When Canadians head to the polls on October 19th, they will choose both our next federal government, and whether they want a good COP or a bad COP.
The Conference of the Parties (COP) is the top decision-making body on international climate change negotiations that meets this November - December in Paris. COP-21's goal is to hammer out an international agreement to address climate change by limiting global greenhouse gas emissions.
A successful transition from our current carbon-intensive economic growth model to a low-carbon world is essential to sustain global economic prosperity, according to the World Bank, the IMF, and other economic experts.
This means that there is a lot at stake at the COP for all countries, and if Stephen Harper and the Conservative party form the next government, Canadians are going to see a bad COP. A bad COP would be ugly, with serious negative impacts on all of us and the rest of the world, including rising sea levels, increased incidence of extreme weather and wildfires, and more global instability driven by rising disruption of food and water supplies.
All of these factors will also increase financial market volatility, affecting our savings and investments.
Yet the importance of managing a smooth economic transition to a lower-carbon, climate-secure economic system has been lost on Stephen Harper’s administration, who continue to deny the need for action on climate change, and whose Cabinet ministers and diplomatic appointees moonlight as oil industry lobbyists.
As a result of this approach, Canada sits at the bottom of global rankings on climate action, and is no longer an active participant in the negotiations leading up to an agreement in Paris. If Stephen Harper chooses the negotiation team sent to Paris in December, Canadians will see a bad COP, with negotiators whose brief is to be obstructionist, nasty and seeking to sabotage a global agreement that is in everyone’s best interests.
What people are reading
A bad COP under Conservative leadership would lead Canada down the path to a disorderly transition, ensuring painfully high levels of stranded fossil fuel assets in the future, as export markets for Canadian fossil fuels dry up. Financial dislocation will afflict the national economy, including the potential for contagion through our interlinked financial system and our pension savings.
In contrast to bad COP, a good COP negotiating team would realize that it is necessary to quantify the risks implicit in business-as-usual investment in Canadian fossil fuels; the good COP team would analyse how an international climate agreement will impact on Canada’s energy sector.
This would help investors, including Canadian pension funds, to identify and wind-down investments that do not clearly fit within the post-COP national carbon budget. With the right signals from good COP, Canadian pension savers and other financial market players will have time to respond to the financial implications of a global two-degree carbon emissions budget.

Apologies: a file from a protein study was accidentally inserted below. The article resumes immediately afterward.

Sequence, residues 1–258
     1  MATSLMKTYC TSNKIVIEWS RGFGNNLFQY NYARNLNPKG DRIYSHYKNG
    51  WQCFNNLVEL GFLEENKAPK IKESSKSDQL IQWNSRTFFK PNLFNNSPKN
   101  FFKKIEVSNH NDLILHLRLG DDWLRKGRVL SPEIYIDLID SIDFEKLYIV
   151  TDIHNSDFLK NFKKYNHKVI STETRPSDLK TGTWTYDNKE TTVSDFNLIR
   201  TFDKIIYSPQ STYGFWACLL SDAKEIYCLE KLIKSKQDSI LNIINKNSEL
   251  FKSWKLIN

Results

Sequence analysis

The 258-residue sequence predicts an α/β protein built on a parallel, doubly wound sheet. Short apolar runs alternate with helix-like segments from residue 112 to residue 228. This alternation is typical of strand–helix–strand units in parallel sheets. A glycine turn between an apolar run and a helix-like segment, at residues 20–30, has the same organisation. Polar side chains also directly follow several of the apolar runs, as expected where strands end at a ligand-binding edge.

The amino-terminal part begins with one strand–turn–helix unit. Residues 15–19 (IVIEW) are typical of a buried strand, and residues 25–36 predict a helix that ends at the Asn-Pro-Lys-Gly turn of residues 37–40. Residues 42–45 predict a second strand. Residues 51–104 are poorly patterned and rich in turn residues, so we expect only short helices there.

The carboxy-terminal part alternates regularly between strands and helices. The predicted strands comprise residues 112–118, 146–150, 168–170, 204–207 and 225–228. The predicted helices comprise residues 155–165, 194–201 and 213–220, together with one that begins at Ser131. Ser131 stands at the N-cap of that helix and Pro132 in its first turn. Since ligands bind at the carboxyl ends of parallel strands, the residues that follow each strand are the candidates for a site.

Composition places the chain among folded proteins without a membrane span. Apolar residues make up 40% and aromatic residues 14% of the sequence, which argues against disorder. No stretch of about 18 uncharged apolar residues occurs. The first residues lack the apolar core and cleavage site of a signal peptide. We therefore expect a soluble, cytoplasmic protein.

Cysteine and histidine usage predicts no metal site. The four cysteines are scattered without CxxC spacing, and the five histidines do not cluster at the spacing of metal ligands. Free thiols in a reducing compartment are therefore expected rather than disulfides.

What does good COP look like?
If Canadians choose a new government in October, we may get to meet good COP. Good COP’s Canadian policy team could do three things to support the transition to a low carbon economy:
1. Support an international agreement – legally binding if possible – to limit global emissions and promote transition to a carbon neutral global economy as soon as feasible. By actively supporting the negotiation process, Canada can deliver better climate outcomes at home and internationally.
2. Apply best-in-class regulations across the Canadian economy that can drive the use of zero or near-zero emission technologies in the construction, transportation and power sectors, applied to all new installations and retrofits.
3. Develop and implement a plan to scale back costly taxpayer subsidies to fossil fuel companies while strengthening support for renewables and innovative energy technologies. The OECD Inventory of Support Measures for Fossil Fuels 2015 indicates that Canadians spend billions of dollars on handouts to fossil fuels companies which directly undermine global efforts to curb emissions and combat climate change, as well as interfering with market signals to investors on high-risk, high-carbon projects.
In addition to negotiating on the three points above, a good COP could take heart from analysis on the benefits of transitioning to low carbon. According to Chris Bataille, co-author of a recent report on pivoting the Canadian economy towards carbon neutrality, “de-carbonizing heavy industry and primary extraction is a once-in-a-century opportunity to use our strong science, engineering and manufacturing base, even our low dollar, to create exportable products that can be used worldwide.”
Financial markets must align with 2° carbon budgets and good COP outcomes
Canadian financial markets, including financial regulators like the Bank of Canada, the Ontario Securities Commission, and the Office of the Superintendent of Financial Institutions (OSFI) need to translate the results of a global climate plan into language and regulations that are relevant and useful for investors. Just as Carbon Tracker, a financial NGO, has translated the meaning of carbon budgets for the world’s financiers, Canadian market regulators need to get serious about describing what the transition to a low carbon economy will mean for investment and capital allocation across Canadian industry.
Alongside clear signals from market regulators, Canadian energy companies will need to have blueprints in place that outline an orderly transition to the climate-secure global energy system that will emerge with the help of a good COP. These blueprints will come from corporate leaders, and from shareholders who realize that Canada’s energy future will be a low-carbon one.